Here the onus is on government to manage the risk. The private entity simply provides information.

DIRECTION #2: Risk management of LNG and LHG water transport by private firms:

Private firms face liability for harm from LNG or LHG accidents. That liability is exacerbated by a 150-year-old law called the “Limitation of Vessel Owner’s Liability Act. 46 U.S.C. §§ 181 et seq. 

As Monica Hwang, Esq. of King & Spaulding LLP explains:

“This statute limits a vessel owner’s liability in a marine event to the value of his vessel and cargo determined upon termination of the voyage on which the casualty occurred. Thus, the extent of the vessel owner’s liability depends on the extent of the damage suffered. In a truly disastrous situation, the Act can give rise to perverse outcomes. For instance, if a vessel and its cargo are totally destroyed in a situation that causes large damages to third parties, the vessel owner may be able to limit his liability to zero. On the other hand, if the vessel suffered minimal damage (i.e., the vessel and/or cargo still has significant value), the vessel owner’s liability would be significantly higher.”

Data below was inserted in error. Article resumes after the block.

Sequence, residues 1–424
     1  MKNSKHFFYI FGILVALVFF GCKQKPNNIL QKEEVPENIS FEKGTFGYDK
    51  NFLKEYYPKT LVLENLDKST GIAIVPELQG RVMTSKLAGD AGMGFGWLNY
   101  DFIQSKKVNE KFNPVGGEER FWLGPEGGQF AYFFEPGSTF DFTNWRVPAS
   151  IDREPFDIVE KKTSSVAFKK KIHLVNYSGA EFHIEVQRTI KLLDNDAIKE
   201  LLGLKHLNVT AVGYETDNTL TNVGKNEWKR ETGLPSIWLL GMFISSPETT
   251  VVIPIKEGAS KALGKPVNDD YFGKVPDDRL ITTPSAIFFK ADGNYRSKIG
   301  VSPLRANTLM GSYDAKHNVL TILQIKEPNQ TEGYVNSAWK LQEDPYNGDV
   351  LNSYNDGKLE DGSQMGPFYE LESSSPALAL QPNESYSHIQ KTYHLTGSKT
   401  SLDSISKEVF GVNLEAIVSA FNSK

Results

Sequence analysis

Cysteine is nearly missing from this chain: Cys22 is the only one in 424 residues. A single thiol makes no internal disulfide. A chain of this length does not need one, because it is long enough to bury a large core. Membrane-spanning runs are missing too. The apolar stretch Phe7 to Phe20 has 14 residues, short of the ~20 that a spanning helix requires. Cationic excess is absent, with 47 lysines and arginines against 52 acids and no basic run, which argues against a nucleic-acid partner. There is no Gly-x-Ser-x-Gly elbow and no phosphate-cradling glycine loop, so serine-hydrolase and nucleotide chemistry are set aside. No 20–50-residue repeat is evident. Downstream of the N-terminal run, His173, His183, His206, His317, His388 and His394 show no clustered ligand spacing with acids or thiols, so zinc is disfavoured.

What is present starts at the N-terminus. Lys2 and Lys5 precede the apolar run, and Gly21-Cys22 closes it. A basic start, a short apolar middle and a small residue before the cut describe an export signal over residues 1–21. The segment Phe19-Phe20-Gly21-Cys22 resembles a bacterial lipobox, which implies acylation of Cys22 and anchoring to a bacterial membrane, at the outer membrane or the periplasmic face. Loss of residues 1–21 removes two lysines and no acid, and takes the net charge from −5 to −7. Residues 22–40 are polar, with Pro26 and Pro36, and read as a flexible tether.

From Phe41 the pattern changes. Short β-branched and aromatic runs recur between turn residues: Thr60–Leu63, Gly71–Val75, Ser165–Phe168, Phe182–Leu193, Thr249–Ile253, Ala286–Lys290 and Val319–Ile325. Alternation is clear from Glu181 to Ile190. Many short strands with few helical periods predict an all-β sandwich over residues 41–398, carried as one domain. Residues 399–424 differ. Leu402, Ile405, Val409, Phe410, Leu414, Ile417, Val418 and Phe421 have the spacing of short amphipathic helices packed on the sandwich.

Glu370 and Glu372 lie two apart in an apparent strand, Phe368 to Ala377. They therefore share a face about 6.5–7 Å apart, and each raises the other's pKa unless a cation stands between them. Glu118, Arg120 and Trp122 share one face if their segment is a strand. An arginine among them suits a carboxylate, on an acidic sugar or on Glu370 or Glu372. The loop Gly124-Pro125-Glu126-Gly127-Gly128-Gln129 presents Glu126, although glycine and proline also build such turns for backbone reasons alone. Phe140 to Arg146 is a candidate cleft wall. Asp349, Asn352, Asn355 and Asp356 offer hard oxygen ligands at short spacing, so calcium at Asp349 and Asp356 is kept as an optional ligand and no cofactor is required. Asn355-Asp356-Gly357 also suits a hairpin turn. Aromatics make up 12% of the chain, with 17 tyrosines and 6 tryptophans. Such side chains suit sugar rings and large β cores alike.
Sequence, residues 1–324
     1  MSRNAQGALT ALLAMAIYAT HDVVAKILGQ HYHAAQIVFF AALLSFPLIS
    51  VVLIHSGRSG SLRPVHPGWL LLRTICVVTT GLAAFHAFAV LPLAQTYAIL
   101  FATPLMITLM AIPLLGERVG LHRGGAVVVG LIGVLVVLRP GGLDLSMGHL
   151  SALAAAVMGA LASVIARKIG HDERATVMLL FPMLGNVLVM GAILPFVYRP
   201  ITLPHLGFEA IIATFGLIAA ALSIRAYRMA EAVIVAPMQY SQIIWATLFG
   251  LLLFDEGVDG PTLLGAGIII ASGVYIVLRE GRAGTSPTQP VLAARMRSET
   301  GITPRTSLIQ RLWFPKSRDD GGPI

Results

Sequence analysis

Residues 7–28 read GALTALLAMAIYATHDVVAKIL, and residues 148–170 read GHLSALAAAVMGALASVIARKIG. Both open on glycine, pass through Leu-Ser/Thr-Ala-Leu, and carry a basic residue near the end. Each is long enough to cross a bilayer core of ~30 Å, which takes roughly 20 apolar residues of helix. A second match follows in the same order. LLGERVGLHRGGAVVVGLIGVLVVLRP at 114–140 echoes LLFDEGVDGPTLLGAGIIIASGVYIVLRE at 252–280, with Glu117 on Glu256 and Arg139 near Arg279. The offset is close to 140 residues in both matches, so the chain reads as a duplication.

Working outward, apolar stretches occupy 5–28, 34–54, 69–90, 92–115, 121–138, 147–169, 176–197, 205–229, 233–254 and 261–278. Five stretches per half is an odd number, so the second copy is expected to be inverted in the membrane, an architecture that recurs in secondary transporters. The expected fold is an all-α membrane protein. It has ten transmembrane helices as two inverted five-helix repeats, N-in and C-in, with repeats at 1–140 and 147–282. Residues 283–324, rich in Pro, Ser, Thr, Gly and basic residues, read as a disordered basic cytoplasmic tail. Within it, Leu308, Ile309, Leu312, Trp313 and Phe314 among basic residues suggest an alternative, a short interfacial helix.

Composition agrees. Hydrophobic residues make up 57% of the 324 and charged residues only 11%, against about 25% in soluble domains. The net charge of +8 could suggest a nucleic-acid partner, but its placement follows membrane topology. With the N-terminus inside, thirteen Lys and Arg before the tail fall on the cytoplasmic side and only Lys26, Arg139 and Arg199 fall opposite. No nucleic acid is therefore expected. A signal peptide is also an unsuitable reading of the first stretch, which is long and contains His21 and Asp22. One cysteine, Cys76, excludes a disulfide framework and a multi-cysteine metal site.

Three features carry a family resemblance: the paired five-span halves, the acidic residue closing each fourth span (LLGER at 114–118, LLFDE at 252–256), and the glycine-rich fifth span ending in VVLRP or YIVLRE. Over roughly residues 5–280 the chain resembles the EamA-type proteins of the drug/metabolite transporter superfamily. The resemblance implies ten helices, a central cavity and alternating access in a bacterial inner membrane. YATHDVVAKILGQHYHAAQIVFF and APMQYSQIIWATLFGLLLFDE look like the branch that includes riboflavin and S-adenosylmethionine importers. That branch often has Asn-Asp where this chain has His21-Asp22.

Ms. Hwang’s write-up concisely outlines the drafting and implementation considerations relating to these agreements. Her observations provide a helpful introduction to the risk management issues facing both terminal owners and operators – and the vessel owners and other third parties who may be liable for harms caused by LNG or LHG accidents.